Friday, May 25, 2007

May 24,1849 - May 24,1924

My great-great Grandma Block was born May 24, 1849 in Switzerland to Peter and Barbara Schluneggar. She was married to John Bloch and they had four children that survived infancy - Anna, Emma, William and George. Margaret died on her 75th birthday at her home near Cisne, Illinois.

Wednesday, May 23, 2007

Scotch Plains, New Jersey

At one time our Bunnell ancestors lived in Scotch Plains, NJ. My great-g-g-g-g-g-g-g-grandfather, Nathanial Bonnell (1640 - 1711) was born in New Haven, CT. Nathanial married Susannah Whitehead in New Haven and their first child, Samuel was born their in 1667. The following year the couple and their child relocated to Elizabethtown, New Jersey, (known today as Elizabeth, NJ) where their second child, Isaac was born in 1668. Nathanial and Sussanah's grandson, James Bonnell and his wife Sarah (Broadwell) Bonnell relocated from Elizabethtown, NJ to Scotch Plains - both of which are located in Union County. It was there that my great-g-g-g-g grandfather, Daniel was born in 1751. Daniel, a Revolutionary War soldier left New Jersey for Ohio in 1798, but was murdered by highwaymen in Ohio when returning for his family.

Daniel and Mary were married at the Scotch Plains Baptist Church on June 20, 1779. The church was organized in 1747. They were not the only Bunnells that attended this church for still today inthe Churchyard are severay Bonnel / Bunnell graves. Many of the early gravestones were constructed of brownstone, thus are in poor condition. Early stones are in the state of disintegration and many have been broken. Many are unreadable. Some merely lists the name of the person buried in that place with no dates to give a clue to the period of time that a person walked the earth. Some have completely disappeared from the graveyard, and knowledge of the ones buried have been erased forever. Some inscriptions were read in 1922 and again in 1952 by members of the Genealogical Society of NJ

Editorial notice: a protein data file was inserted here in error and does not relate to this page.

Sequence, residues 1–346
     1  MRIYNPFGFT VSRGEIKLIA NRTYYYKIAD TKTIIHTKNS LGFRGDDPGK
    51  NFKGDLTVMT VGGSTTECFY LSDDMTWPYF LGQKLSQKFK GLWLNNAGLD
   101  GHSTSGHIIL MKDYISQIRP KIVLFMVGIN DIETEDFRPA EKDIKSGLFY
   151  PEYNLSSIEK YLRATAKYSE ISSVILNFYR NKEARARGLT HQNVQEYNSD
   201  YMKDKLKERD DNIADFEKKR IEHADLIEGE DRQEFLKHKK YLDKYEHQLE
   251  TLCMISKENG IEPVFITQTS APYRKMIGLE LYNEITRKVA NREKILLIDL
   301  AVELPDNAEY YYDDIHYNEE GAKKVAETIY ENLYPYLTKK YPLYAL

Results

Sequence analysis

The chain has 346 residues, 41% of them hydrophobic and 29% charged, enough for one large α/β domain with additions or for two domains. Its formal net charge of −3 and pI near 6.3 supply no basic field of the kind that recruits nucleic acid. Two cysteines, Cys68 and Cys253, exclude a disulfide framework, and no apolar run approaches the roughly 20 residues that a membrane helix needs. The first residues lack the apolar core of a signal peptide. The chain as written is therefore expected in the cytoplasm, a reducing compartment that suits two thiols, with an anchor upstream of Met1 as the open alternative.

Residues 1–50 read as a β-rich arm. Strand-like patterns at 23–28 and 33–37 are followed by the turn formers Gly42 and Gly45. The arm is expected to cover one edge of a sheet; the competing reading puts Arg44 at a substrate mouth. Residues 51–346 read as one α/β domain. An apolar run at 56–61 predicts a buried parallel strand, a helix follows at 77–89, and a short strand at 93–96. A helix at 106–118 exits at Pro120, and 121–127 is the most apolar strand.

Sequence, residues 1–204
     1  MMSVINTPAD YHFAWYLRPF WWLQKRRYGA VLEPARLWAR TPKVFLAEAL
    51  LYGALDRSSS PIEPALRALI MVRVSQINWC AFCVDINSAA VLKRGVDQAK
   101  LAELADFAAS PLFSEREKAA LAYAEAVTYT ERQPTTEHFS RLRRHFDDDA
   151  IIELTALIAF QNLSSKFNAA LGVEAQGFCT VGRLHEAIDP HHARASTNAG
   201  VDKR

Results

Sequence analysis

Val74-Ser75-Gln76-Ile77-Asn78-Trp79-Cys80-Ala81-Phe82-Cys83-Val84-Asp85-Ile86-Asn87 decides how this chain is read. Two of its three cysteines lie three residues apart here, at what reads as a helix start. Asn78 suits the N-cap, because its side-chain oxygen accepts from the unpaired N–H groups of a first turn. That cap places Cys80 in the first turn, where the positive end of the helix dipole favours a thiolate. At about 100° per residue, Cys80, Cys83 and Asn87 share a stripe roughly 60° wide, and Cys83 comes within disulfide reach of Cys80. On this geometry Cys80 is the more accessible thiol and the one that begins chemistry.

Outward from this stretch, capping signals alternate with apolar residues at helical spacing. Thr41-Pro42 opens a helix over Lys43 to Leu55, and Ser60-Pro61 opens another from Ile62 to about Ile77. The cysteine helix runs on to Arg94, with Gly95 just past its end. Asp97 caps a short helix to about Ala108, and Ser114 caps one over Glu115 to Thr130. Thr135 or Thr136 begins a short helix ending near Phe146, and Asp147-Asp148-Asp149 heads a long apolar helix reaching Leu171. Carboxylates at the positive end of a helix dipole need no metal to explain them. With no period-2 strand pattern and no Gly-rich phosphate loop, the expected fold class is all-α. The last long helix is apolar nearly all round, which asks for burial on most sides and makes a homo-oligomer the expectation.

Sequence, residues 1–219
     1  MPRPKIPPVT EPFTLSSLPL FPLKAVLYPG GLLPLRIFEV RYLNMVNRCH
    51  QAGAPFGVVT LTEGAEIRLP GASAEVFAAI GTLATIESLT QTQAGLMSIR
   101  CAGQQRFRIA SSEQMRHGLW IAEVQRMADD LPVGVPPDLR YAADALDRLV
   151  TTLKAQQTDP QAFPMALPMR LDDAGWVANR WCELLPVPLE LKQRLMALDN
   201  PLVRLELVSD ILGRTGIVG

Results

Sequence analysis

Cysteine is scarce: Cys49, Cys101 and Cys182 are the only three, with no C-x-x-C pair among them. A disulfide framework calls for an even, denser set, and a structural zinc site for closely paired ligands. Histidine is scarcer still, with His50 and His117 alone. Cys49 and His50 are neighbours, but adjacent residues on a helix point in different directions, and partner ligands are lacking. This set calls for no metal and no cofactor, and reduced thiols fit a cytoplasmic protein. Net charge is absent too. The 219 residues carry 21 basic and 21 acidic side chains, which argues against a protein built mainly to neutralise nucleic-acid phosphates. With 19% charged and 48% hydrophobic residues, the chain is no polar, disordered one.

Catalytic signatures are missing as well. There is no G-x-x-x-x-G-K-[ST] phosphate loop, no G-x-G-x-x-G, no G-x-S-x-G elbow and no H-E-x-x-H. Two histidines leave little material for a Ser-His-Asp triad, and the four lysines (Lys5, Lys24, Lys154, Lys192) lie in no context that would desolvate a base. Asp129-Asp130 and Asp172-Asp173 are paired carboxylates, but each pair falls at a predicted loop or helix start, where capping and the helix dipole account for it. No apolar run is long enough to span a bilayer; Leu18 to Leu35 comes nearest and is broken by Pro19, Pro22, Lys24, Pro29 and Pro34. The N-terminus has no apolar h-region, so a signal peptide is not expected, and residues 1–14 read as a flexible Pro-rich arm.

This is the stone of Jane Bonnel - wfie of Abraham; b. 1736 d. 5 July 1810. Abraham is the older brother of Daniel. Jane's maiden name is believed to be Jenkins by several researchers. Her parents were Roderick and Mary (Pack) Jenkins.

These stones mark the graves of Nathanial Sarah Bonnel. They were children of Abraham and Jane Bonnel an dboth died Nov 3, 1776. Nathamial was 10 and Sarah was 4. I am not sure of the cause of death.

This stone is Sarah (Broadwell) Bonnel - my g-g-g-g-g-g-grandmother, mother to Daniel and wife of James. She was born in 1715 and died in 1791.

The original church no longer stands, but was rebuilt in the early 1800s and still has services today.

A visit to Colorado